Let’s Learn About the Poet-Painter from Okayama, Yumeji! – Yumeji Birthplace Memorial Museum・Shonensanso


Are you familiar with Takehisa Yumeji? Born in Okayama, Yumeji was a poet-painter who stood at the forefront of Taisho Romanticism, and whose work is still admired to this day as the pride of Okayama. To learn more about him, I went to an annex of the Yumeji Art Museum in Okayama City―the Yumeji Birthplace Memorial Museum・Shonensanso in Setouchi City!


Note: Taisho Romanticism refers to a Japanese art movement that arose during the Taisho Era (1912-1926). While still being impacted by the heavy Western influence of the time, this art remained a distinctly Japanese cultural product. A deeply interesting period of modern Japanese history, its study is necessary for understanding the changes that led to Japanese culture and society as we know them now.




As the name suggests, there are two parts to the museum annex: the Yumeji Birthplace Memorial Museum inside the over 250 year old building where Yumeji was born and raised, along with the Shonensanso (Youth Mountain Cottage), a reconstruction of a studio-house that Yumeji designed himself in Tokyo.




At the Yumeji Birthplace Memorial Museum I was able to learn a lot about Yumeji’s life and surroundings during his childhood. It makes a lot of sense to me now why much of his art features nature and children, alongside his usual subject of women.




There were a lot of his works on display that drew my attention as well. What really impressed me, was how he was able to draw his evocative “Yumeji style beauties” with just a few, elegantly curving strokes.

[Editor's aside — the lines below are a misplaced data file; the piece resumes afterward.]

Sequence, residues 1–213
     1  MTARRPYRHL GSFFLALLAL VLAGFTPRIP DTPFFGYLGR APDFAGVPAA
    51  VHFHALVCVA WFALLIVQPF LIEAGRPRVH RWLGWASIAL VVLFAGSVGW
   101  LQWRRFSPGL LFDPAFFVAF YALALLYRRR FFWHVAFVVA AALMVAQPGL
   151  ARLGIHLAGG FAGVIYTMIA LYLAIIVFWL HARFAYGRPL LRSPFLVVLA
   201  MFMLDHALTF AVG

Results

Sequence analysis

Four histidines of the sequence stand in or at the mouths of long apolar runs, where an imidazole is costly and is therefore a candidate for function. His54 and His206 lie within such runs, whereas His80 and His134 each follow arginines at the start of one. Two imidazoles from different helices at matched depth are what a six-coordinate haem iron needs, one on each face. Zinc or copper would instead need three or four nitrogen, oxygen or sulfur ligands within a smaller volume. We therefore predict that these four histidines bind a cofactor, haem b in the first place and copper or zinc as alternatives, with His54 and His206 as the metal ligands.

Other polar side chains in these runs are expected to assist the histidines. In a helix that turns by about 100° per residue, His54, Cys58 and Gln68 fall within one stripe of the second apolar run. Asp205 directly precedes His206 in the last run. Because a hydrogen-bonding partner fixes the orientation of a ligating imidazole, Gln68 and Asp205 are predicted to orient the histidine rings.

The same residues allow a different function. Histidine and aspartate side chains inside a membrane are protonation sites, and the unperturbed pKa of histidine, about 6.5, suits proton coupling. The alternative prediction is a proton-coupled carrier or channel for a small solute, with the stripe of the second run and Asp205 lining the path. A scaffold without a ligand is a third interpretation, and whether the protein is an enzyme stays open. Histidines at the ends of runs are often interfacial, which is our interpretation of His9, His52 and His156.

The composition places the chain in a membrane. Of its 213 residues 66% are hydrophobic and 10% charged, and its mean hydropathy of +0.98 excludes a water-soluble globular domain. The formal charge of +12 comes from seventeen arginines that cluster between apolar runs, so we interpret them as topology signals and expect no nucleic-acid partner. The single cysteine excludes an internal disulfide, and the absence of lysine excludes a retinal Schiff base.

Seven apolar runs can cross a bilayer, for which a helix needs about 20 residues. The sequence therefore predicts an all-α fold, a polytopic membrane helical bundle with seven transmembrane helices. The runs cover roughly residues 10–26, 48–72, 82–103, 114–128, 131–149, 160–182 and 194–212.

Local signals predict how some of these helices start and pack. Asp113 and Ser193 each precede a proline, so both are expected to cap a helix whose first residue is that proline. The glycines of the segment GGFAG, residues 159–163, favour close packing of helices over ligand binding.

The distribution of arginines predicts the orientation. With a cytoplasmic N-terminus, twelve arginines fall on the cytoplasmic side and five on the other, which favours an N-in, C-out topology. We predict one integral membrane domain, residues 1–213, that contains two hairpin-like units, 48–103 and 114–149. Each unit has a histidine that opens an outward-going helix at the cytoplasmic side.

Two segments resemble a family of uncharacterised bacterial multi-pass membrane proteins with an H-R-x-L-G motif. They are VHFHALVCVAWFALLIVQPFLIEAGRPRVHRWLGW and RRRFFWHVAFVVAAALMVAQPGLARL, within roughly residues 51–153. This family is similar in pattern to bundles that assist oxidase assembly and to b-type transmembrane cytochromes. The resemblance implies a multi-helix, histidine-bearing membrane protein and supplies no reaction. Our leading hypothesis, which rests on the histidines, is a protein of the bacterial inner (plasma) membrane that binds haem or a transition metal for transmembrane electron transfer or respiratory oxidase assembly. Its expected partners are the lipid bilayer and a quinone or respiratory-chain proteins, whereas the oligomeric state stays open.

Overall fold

At Tsubakisabo (Camellia Teahouse) next door to the museum, I enjoyed seasonal wagashi (Japanese style sweets) inspired by Yumeji’s art, along with his childhood favorite zenzai (sweet red bean soup) while admiring the Yumeji themed souvenirs on sale. There’s nothing quite as nice as sipping good tea in a relaxing environment.




The many unique rooms of the Shonensanso were also very interesting!




I could really feel the combination of Japanese and Western influences throughout.




The second floor is even entirely devoted to works of art by current artists who have been influenced by Yumeji.




After my visit I now have a much clearer image of who Yumeji was. I can definitely understand why Okayama is proud to claim him!


Museum hours:  9am-5pm (Entry until 4:30pm, Tsubakisabo open until 4pm)

Closed on Mondays.


Admission:   ¥600 for adults.

Combined tickets for both the Yumeji Art Museum (2-1-32, Hama, Naka Ward, Okayama City) and the Yumeji Birthplace Memorial Museum・Shonensanso are only ¥1100.


Access:   About 10 minutes by bus or taxi from JR Oku station, along the Ako line.


Author: Felix

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